Tuesday, August 13, 2013


Just because it's invisible, doesn't mean it's not there. It's there, trust me. Not visible for outsiders, but absolutely present for the person with D and their beloved ones.

Today, my employer wanted to thank me for driving all the way to the beach to take care of their little girl. They know how I love to cook and bake and they decided to buy a wonderful rice cake from a good bakery. Right after noontime, they came home with the pie and offered me a slice. My numbers were still a bit high, since I had eaten lunch recently. So I decided to wait and told them I wanted to save my piece for later that afternoon. They looked a bit disappointed. I felt sorry for them but I didn't want to go skyhigh because of a piece of pie, no matter how appealing it looked. They had their piece and I couldn't wait to have mine, for it looked real yummy. My employer was a bit surprised that I couldn't have the treat right away. He knows I need insulin for the carbs I eat, but he doesn't know what diabetes really is about. It's about counting carbs and poking your fingers and trying to keep your numbers within range (70 - 120 mg/dl would be great) and feeling sick when your numbers are too high and loosing your mind when you're lacking sugar. It's about making decisions all day and trying to eyeball the carb contents of the food you're going to have. You are constantly aware of D since it haunts you if you decide to pretend it's not there.

My BG was pretty much within range and I had planned a long walk with Kiddo, so I decided it was about time to have that piece of pie. I estimated the carbs to be around 60 grams, but knowing I was going for a long walk, I decided to give insulin for 35 grams of carbs. After all, I didn't want to go low on the walk, for I am responsible for this little girl. Bummer! Not too long after I left the apartment to go to the beach, my Dexcom G4 warned me for an upcoming high number. I had not brought along my glucometer, for I didn't expect any highs at all. I did bring a bottle of glucotabs to help me beat lows, but they are pretty worthless when you're high... I guess I made the wrong decision. That's also part of D. Weighing pros and cons and making the best decisions you can at that time. I felt stupid for having eaten the pie and I cursed for having diabetes. My calves were real heavy and cramping and I had a hard time moving around. Little kiddo desperately needed her walk and I was too far off to go back to the apartment to get my glucometer. I could have bolused on my pump, but it was hidden underneath my clothes and not within reach. So I kept going and was very relieved to be home. I corrected that high right away and had like one liter of water to wash away those excess sugars in my blood.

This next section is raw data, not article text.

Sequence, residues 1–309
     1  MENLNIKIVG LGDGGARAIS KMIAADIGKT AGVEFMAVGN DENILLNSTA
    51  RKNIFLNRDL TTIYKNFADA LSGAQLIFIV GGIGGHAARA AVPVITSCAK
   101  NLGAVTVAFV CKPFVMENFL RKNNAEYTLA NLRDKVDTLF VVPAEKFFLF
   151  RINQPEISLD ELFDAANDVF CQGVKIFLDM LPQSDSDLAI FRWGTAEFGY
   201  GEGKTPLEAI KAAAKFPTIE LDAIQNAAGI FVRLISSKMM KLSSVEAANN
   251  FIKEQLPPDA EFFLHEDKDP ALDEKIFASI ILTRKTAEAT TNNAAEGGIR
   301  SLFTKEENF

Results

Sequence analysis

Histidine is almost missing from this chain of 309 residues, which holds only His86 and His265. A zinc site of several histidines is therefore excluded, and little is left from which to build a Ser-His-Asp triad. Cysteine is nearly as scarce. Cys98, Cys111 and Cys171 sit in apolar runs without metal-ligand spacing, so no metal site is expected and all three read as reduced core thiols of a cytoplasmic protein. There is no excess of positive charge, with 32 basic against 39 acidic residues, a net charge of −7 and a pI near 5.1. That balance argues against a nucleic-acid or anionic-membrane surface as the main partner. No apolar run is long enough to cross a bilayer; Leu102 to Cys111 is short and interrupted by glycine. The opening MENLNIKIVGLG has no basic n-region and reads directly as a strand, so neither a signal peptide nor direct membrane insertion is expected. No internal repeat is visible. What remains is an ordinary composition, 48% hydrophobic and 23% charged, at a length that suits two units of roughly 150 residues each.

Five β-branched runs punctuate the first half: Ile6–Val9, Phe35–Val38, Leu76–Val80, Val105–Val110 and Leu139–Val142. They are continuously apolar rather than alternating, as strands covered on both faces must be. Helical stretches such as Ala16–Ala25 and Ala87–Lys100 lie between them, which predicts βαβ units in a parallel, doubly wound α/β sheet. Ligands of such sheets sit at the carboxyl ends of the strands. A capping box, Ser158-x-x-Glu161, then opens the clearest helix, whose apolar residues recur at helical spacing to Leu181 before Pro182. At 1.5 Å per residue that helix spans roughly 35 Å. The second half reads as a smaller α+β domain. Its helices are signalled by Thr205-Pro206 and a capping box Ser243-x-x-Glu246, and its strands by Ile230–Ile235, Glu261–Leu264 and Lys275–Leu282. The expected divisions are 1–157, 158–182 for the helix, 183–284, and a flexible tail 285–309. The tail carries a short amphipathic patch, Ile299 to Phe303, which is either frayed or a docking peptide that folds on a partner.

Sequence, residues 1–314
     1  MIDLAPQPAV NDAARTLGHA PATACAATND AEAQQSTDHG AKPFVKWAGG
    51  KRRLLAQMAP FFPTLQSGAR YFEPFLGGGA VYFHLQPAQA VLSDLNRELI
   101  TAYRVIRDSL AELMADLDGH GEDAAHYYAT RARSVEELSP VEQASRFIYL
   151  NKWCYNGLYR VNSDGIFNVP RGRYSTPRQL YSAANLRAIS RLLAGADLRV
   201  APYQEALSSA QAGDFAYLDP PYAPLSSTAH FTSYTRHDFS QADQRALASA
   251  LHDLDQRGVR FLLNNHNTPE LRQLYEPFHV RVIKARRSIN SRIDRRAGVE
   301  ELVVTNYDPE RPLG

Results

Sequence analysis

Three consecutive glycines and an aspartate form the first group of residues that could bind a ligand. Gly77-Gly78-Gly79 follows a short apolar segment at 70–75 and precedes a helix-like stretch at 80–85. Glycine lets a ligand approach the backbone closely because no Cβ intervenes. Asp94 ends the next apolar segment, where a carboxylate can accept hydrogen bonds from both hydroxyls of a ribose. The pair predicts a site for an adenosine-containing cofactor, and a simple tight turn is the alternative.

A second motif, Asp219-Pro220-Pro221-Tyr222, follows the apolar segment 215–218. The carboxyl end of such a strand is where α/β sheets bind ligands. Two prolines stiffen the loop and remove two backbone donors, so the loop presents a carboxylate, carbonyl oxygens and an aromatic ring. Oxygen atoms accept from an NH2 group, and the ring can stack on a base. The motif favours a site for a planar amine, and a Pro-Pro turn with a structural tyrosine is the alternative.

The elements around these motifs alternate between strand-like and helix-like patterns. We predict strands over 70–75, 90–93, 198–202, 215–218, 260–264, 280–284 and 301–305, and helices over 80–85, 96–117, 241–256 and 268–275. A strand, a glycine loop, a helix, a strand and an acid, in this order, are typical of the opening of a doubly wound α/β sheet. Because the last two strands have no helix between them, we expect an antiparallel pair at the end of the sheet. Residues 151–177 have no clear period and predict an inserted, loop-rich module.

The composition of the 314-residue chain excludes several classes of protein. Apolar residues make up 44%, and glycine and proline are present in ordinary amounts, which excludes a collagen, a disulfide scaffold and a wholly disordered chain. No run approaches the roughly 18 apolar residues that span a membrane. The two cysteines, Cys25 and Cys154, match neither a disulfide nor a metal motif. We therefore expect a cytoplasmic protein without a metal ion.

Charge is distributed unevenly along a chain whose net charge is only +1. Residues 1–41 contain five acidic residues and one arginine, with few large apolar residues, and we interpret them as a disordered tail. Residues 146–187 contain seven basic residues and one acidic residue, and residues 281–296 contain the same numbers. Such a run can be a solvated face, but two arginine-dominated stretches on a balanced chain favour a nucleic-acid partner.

On my way home, I was thinking things over and trying to evaluate the situation. Because that's what you do when you have D. You try to learn from every experience and you try to prevent things in the future. It's just always there, wherever you go or wherever you are. I had just attached my Dexcom to its car holder, when I saw the 86 with an arrow pointing downwards. Remember the 70 - 120 mg/dl range as being perfect? And 86 is within that range, right? Well, guess what? Wrong answer! This 86 is not perfect at all. My CGM is warning me of an upcoming low. If I would have read that 86 on my glucometer only, it would've been a perfect number. Now that it's on my Dexcom screen, it tells me something else. Of course it could be worse, showing a double arrow downwards. This was only a single arrow, but nevertheless: not safe enough to drive the car without having some glucose first. So I pulled over, opened my bag to see what I had left. There was the choice of candy, cookies, glucotabs, a sachet of hypofit (glucose gel) or a banana. I was hungry (that's what lows do to you) so I decided to have 20 grams of carbs eating the cookies. I waited some longer, checked my Dexcom to see the trend go up again and that's when I was ready to move on. That's what D is about. It's about coming late at your next appointment because stupid lows hit in. It's about pulling over your car because you need to fix yourself to prevent accidents from happening. It's always there... always... invisible to you, but very present to me.

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